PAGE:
• Depression in the Workplace: What Can We Do

      VandePol, Bob (2021-09)
      Although you might not know it, depression touches everyone in the workplace. Affecting nearly one in ten adults each year, depression is one of the top reasons for lost productivity, sick days taken and disability leave. Unaddressed depression in the workplace can contribute to lower profits and morale as well as increased mistakes and accidents. Ignoring depression is no longer an option. Rather than be bystanders, everyone in the workplace can help to address this issue. Depression is a serious medical illness of the brain that affects a person’s mood, concentration, activity level, interests, appetite, social behavior and physical health. Although depression is treatable, oftentimes it is a lifelong condition with periods of wellness alternating with depressive recurrences.
    • Whitepaper: Workplace Alcohol Screening - Current Research & Applications

      McCann, Bernard A. (2015)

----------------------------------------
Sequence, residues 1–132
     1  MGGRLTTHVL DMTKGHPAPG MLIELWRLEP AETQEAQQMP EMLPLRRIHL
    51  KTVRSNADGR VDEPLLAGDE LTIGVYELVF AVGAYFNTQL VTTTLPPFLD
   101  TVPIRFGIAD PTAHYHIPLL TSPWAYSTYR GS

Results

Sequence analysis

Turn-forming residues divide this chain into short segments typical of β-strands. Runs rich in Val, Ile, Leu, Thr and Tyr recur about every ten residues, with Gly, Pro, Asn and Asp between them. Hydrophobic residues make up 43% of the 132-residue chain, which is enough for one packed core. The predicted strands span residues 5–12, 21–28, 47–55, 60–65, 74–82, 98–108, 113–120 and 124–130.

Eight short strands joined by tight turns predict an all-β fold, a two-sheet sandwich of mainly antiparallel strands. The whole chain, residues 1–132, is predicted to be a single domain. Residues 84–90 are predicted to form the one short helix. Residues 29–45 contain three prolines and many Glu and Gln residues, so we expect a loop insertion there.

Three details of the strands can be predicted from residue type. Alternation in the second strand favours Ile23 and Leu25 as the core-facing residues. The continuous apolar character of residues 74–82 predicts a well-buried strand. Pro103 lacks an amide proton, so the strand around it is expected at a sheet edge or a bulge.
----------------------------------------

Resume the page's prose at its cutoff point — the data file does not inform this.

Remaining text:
Alcohol misuse has a number of adverse effects on health and is a significant health problem worldwide. In the United States, alcohol use disorders are among the most costly medical and public health problems (McLellan, Lewis, O’Brien, & Kleber, 2000), ranking third as an avoidable cause of premature mortality and morbidity (Mokdad, Marks, Stroup, & Gerberding, 2005). A study by the Centers for Disease Control and Prevention estimated excessive drinking costs the US economy more than $224 billion annually, or about $1.90 per drink, and approximately $746 per person per capita with almost three-quarters of this figure due to binge drinking (that is, consuming four or more alcoholic beverages per occasion for women or five or more drinks per occasion for men). The majority of these costs were reflected in lost productivity (Bouchery, Harwood, Sacks, Simon, & Brewer, 2011).